The Big Surprise

Charles Murray: Losing Ground: American Social Policy, 1950-1980; Basic Books; New York.

Charles Murray's book is a study of some of the biggest, and perhaps the least excusable, social problems facing American society. Losing Ground is based on a mass of data, and its message is clear and unmistakable: the benevolent social policies adopted in the 1960's have not merely failed, have not even simply made a bad situation worse—they have had the effect of reversing favorable trends. American society's real, if undeclared, ‘war on poverty," which was being won in the post-World War II era and as late as the mid-l960's, was lost—and by the very people who made it a "declared" war.

In 1950 about 30 percent of the American people, by current official definitions, were below the poverty line. This was reduced to about 13 percent by 1968. In 1980 that percent age remained the same, and by every possible index, that 13 percent lived lives that were worse, perhaps far worse, than the lives that were lived by most poor people in 1950 or 1968. They were more insecure, more drug-ridden, and more demoralized than ever.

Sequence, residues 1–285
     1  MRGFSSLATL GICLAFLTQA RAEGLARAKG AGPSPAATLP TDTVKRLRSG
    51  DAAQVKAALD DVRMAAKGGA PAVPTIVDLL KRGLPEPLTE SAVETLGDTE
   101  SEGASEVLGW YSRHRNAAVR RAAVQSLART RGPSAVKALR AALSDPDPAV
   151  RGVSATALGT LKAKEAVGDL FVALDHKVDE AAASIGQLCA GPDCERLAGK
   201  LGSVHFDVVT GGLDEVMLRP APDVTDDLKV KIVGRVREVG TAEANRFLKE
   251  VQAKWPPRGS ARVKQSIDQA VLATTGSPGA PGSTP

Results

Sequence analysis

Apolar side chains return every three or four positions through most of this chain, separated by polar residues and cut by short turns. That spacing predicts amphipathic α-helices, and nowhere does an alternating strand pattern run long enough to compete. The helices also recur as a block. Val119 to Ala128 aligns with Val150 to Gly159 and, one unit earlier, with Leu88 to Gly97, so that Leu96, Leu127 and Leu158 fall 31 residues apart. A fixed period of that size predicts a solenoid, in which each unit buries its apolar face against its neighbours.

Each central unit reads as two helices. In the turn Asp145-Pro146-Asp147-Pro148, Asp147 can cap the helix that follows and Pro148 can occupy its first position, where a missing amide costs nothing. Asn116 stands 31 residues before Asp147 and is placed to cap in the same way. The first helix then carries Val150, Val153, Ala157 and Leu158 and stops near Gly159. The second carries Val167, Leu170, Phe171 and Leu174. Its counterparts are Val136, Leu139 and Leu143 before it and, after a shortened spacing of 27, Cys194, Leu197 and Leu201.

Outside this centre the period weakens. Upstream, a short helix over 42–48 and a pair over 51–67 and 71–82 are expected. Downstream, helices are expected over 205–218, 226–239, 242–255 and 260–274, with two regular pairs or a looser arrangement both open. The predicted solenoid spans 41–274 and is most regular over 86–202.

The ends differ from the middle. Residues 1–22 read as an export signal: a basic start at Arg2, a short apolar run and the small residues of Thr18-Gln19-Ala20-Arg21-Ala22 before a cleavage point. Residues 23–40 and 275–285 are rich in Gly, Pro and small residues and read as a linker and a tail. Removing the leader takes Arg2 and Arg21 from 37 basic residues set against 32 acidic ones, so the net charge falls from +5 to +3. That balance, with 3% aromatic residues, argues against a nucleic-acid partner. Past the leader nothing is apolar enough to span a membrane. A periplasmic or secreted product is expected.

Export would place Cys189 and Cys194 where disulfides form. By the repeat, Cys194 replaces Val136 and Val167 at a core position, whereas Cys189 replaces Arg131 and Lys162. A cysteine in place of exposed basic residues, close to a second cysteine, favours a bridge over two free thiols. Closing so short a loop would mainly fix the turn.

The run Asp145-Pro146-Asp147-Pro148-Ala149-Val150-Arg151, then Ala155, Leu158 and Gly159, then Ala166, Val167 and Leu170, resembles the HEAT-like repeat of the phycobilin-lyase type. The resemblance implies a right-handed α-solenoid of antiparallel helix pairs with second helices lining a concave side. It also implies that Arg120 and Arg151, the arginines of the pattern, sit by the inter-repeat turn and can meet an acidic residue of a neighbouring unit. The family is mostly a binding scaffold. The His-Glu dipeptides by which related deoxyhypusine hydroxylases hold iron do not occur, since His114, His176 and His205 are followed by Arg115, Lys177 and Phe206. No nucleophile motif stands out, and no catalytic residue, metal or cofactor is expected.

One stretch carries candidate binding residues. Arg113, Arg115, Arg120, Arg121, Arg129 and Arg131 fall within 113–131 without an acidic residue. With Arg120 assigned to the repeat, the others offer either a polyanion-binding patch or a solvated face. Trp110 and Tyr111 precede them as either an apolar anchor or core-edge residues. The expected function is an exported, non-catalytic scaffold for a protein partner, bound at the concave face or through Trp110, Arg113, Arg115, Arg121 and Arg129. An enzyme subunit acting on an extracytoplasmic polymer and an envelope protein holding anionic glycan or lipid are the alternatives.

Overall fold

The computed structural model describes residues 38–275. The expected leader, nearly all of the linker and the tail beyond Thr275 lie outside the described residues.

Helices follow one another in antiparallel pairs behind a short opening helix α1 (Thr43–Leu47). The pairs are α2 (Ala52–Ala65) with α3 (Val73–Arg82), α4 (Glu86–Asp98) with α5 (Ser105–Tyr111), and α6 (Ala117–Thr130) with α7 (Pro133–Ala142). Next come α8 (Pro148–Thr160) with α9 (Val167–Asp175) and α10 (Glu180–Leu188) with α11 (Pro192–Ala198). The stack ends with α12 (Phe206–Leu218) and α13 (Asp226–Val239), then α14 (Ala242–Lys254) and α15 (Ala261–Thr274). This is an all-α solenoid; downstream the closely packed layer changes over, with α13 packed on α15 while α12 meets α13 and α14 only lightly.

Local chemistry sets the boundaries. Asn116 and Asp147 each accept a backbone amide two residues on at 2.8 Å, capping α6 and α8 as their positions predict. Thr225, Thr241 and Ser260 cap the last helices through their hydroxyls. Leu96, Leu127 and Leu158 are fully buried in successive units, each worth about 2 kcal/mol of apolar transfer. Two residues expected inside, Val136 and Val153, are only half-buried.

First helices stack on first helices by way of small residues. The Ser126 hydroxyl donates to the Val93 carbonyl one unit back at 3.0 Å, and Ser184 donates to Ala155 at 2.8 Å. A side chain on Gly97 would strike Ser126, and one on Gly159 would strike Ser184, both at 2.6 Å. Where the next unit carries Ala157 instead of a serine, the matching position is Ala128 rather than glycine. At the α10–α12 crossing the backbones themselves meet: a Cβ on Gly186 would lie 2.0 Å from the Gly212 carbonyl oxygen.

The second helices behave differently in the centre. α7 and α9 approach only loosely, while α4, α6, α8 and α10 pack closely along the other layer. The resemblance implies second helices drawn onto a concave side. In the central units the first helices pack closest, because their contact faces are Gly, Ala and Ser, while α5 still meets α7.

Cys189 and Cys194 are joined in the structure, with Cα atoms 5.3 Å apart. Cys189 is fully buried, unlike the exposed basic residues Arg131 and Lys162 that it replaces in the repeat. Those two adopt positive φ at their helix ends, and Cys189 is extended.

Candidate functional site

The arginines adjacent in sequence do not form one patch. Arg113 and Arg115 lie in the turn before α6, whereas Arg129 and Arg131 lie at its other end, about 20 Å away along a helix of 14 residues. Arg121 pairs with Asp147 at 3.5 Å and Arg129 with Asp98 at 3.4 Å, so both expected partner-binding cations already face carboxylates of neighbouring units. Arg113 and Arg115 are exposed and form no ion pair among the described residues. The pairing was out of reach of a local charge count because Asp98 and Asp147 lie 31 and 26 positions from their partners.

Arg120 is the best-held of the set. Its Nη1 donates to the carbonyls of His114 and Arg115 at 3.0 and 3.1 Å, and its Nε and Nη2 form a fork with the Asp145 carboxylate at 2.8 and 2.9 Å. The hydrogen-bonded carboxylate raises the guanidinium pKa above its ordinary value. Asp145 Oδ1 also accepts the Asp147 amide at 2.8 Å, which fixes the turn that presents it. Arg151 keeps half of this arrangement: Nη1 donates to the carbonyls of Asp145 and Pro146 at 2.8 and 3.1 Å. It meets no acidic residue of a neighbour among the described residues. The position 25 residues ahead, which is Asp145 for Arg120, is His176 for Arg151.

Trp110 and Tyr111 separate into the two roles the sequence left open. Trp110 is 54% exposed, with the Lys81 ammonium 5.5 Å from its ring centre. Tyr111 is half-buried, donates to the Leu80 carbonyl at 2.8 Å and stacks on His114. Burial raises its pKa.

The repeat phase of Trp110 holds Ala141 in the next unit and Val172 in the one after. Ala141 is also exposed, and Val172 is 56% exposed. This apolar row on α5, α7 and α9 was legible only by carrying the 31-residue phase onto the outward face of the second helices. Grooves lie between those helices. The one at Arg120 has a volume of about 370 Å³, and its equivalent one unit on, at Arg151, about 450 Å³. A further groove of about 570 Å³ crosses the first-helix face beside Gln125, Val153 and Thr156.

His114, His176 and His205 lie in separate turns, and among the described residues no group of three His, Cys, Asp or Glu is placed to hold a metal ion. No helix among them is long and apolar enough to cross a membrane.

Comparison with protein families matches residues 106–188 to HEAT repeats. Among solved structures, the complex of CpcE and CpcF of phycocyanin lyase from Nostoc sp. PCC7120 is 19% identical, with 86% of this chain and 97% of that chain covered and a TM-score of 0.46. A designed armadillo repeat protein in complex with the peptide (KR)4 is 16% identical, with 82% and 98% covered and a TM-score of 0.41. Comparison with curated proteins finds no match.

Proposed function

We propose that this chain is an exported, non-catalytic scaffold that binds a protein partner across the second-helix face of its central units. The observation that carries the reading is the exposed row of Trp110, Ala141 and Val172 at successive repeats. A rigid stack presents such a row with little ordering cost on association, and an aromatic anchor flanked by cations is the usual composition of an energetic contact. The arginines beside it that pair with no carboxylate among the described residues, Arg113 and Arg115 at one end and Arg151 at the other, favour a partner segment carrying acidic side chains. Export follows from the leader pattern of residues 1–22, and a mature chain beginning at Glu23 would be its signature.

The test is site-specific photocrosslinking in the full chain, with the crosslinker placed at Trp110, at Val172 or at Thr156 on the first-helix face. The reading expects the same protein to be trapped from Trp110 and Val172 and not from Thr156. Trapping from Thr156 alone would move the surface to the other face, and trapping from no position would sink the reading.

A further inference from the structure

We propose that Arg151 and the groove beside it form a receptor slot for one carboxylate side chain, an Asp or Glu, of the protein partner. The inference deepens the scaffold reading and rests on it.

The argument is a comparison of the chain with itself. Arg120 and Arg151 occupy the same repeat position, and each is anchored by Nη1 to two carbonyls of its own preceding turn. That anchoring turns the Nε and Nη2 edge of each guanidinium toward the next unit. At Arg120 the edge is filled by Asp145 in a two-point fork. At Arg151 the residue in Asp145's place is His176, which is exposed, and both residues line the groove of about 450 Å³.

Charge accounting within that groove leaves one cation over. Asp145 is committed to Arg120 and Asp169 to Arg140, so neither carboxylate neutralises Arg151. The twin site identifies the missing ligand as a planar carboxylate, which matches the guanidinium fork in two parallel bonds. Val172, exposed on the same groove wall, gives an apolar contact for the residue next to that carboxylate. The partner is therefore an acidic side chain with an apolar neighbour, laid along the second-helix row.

These results, Murray shows, were not due just to the bad administration of basically good programs, but to a basic "strategic error" in the formulation of virtually...

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